Translator Training – A Guide to Getting your Foot in the Door

Well before I founded TransTeach, in 2008, I was teaching many different aspects of translation at universities across the UK. Translator training is something I’m truly passionate about and I know many other translators are too. With a background in education, I always had a gut instinct that teaching in the translation domain would be right for me. However, like anyone, I needed that initial ‘break’, to give me a chance to prove myself and to enable more opportunities to arise as a result.

I consider myself extremely fortunate and still adore walking into a classroom or lecture theatre of new students today. I therefore love to do all I can to help other translators who have the same dream I once did. So, if you’re someone who knows they want to teach translation, particularly in a formal, academic environment, then read on. Here’s TransTeach’s advice on how you can do just that…


Know what you want and want it enough

I’m not sure of the exact when or how, early in my own translation training (in 2003-4 on the MSc at Imperial College, London) I determined that I wanted to train other translators. In fact, I was surprised at how strong the desire in me to do this was. I adored my course of study: the timetable, the different modules, the constant learning. All I knew was that it felt ‘right’ to want to be involved in providing the same for future students in my field.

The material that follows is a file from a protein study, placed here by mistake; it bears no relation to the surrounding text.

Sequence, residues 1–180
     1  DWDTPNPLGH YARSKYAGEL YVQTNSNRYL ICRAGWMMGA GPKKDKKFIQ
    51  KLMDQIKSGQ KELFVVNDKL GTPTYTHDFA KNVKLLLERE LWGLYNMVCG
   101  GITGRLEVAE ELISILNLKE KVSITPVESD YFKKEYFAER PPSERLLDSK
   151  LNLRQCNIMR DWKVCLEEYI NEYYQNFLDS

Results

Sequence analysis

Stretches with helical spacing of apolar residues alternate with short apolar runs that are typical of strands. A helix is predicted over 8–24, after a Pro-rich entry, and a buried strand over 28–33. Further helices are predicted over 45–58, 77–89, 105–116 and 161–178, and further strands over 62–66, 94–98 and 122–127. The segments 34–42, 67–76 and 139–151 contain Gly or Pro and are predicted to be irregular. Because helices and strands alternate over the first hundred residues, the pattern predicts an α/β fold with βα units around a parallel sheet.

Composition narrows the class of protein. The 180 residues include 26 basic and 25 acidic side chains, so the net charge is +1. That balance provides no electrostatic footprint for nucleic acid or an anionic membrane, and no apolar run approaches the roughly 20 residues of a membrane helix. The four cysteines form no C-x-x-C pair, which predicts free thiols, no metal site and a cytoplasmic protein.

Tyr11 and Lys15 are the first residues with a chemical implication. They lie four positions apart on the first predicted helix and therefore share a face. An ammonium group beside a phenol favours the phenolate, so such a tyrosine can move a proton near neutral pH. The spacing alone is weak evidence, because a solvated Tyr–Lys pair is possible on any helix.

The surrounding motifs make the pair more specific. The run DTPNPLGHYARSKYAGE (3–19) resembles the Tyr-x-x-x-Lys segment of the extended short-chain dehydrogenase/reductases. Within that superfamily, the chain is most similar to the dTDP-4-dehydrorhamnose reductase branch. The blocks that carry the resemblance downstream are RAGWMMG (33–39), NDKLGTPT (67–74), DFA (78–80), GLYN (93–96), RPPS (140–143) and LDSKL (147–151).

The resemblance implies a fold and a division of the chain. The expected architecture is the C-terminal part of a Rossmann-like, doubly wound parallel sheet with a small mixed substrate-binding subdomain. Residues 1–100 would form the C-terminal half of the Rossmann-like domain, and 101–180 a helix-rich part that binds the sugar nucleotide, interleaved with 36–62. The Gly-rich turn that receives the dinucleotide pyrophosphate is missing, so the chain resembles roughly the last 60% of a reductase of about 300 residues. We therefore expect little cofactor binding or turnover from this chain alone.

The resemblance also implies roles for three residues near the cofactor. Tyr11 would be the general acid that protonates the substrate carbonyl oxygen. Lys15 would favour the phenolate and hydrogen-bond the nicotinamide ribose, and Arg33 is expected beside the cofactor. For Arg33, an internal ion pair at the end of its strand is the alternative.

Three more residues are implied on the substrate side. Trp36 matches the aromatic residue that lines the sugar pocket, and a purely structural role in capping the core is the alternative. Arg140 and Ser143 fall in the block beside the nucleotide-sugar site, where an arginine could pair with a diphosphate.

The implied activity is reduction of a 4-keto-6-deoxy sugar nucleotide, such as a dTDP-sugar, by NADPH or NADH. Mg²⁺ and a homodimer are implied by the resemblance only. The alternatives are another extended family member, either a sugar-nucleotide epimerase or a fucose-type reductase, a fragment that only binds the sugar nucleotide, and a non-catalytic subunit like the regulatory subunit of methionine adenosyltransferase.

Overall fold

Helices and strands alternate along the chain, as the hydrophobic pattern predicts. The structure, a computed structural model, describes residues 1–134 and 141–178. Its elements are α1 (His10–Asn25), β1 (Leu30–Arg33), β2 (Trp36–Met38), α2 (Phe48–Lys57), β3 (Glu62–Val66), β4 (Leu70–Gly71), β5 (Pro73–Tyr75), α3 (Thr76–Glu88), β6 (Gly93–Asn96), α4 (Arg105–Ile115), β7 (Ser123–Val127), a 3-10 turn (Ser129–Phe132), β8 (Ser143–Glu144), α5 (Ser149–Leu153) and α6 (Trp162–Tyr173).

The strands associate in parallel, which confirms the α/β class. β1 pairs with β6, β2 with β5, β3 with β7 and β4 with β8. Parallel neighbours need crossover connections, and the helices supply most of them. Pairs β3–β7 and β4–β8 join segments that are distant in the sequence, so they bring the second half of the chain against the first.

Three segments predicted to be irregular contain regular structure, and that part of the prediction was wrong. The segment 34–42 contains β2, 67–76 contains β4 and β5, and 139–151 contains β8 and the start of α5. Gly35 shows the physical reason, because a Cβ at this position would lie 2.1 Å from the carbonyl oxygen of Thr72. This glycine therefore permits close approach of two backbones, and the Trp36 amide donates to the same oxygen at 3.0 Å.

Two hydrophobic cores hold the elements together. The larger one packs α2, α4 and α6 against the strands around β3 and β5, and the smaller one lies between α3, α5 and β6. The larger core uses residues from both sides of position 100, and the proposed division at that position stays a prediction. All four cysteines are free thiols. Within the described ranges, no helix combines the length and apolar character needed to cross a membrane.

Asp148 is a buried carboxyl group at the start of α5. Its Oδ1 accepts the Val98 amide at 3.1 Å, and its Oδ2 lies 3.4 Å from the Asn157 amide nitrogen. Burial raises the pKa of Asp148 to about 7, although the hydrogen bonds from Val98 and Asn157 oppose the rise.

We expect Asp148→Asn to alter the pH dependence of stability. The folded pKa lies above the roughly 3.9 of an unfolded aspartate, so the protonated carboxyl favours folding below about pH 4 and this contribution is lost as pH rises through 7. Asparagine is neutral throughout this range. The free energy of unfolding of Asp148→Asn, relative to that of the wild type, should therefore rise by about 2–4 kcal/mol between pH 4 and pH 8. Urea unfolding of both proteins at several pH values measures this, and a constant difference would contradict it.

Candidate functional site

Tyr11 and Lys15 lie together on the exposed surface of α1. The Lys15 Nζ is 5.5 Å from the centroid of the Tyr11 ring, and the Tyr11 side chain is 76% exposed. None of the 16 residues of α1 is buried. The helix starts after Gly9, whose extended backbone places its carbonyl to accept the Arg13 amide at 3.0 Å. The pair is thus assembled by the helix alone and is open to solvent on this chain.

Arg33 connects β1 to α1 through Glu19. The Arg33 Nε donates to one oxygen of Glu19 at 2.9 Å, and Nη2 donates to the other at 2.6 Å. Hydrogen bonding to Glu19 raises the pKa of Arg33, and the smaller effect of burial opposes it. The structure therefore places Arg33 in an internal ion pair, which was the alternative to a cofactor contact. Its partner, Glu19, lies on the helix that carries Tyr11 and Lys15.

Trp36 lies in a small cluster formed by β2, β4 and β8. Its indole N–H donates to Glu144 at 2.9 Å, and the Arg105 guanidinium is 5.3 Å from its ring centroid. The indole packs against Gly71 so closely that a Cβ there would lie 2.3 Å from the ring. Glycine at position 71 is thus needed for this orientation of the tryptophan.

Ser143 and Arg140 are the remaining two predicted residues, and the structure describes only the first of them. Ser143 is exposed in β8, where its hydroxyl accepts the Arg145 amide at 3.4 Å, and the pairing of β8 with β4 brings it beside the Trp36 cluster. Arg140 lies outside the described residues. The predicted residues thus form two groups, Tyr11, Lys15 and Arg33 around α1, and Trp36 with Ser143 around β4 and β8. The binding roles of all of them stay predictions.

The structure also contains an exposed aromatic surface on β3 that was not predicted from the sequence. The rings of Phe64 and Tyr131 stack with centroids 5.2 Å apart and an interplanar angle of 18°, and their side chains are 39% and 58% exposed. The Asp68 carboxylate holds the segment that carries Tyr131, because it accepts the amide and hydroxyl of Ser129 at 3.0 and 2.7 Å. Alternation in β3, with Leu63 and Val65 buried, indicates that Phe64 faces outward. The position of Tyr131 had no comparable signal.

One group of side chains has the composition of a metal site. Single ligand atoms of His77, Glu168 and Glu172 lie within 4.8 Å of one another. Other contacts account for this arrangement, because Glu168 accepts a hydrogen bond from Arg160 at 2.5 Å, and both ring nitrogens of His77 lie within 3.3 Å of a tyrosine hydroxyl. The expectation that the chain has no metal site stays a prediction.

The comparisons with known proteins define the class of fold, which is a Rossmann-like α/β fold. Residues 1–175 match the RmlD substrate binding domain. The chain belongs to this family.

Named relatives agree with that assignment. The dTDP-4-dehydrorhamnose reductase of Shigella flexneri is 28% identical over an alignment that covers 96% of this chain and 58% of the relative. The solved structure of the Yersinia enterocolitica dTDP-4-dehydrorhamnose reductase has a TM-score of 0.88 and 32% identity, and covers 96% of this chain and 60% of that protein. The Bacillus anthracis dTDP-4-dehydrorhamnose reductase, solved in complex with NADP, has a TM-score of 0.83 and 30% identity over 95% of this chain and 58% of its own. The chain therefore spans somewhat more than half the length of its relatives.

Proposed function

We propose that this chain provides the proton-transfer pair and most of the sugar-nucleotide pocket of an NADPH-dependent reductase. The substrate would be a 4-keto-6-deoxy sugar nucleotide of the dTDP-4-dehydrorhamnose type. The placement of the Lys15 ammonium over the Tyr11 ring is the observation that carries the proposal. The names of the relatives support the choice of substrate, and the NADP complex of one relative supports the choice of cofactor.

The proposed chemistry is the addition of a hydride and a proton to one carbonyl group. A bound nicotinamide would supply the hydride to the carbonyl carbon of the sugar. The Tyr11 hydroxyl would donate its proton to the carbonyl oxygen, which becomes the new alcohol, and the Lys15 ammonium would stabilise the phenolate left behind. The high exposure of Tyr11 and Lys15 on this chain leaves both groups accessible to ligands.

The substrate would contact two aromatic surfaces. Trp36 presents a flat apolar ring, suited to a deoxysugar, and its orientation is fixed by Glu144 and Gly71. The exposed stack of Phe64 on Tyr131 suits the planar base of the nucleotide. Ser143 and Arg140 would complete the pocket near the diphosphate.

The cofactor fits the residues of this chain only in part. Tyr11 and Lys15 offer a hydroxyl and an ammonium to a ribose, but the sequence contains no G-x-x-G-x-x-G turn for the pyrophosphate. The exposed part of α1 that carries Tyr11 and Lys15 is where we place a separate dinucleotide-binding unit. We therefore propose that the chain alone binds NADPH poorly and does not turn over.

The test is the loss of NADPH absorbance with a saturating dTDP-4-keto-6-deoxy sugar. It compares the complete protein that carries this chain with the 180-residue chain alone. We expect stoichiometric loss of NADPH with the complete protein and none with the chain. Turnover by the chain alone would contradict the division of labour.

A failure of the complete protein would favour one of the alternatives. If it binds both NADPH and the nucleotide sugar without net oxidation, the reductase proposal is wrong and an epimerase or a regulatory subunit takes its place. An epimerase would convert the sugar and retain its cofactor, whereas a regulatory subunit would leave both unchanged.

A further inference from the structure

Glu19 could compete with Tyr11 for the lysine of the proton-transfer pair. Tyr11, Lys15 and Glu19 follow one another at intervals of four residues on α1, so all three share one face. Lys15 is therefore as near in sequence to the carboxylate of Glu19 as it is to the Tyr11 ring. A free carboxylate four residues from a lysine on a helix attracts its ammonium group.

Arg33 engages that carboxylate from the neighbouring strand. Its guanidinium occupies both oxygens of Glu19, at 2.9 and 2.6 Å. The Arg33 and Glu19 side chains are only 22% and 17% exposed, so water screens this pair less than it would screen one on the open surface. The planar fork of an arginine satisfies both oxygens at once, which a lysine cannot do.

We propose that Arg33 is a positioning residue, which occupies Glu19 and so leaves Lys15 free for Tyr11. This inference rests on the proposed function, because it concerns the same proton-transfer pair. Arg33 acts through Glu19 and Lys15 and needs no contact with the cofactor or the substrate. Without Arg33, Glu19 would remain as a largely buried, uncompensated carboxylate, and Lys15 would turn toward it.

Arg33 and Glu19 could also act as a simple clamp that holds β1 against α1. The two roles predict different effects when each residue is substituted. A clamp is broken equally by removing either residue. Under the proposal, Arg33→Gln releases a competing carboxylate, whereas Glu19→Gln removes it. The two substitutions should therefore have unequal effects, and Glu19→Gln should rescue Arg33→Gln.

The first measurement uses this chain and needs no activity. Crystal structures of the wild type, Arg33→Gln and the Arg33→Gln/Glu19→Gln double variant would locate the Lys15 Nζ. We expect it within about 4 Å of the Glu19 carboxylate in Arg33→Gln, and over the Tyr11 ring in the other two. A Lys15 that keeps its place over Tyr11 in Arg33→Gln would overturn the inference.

Fast forward 12 years and I’ve been teaching translation for 11 years. I started by teaching on the very masters course I’d completed when an opportunity arose soon after I graduated. I had a teaching qualification, but I had no PhD – often a requirement for such teaching posts. I therefore considered myself to very lucky, and am grateful to this day, for the chance my former tutors gave me. I know I was a capable student, and a good teacher, but I still believe my passion and enthusiasm played a large part in getting me first break. (Along with quite a lot of positive visualisation – which definitely does work!)

The message here? Basically, know what you want, even if you have no idea how you’re going to get it (yet). And want it BAD! That desire, determination and drive will emanate from you and be picked up on somewhere, by somebody. In my case it was my own Spanish to English practical translation tutor, Nicky Harman (thanks Nicky! – https://en.wikipedia.org/wiki/Nicky_Harman). When she first approached me, rather tentatively, to see if I was interested in teaching part of a practical translation module, I practically bit her hand off. And that has been pretty much the case with every translation teaching opportunity I’ve been offered since.

Let people know what you want

There’s no point knowing what you want (and wanting it an awful lot) if you never share your desire with anyone else. So, make sure you tell anyone and everyone what it is you’re interested in doing. “I’m really interested in getting some experience teaching translation in a university”. “I loved my translation training and want to be able to train other translators. I’m passionate about it”. Put your wishes out there and the universe will able to help. Keep them to yourself and it will be an awful lot harder to achieve your goals.

If you’re interested in working at a specific institution or on a specific course, then approach  a course leader or a head of department directly. Believe it or not, they don’t get people doing this every day. There aren’t as many people out there wanting to get into translation teaching as there are aspiring actors, musicians or writers (strangely enough); the odds of you finding an opening are actually quite high!

Don’t be put off if you don’t have a PhD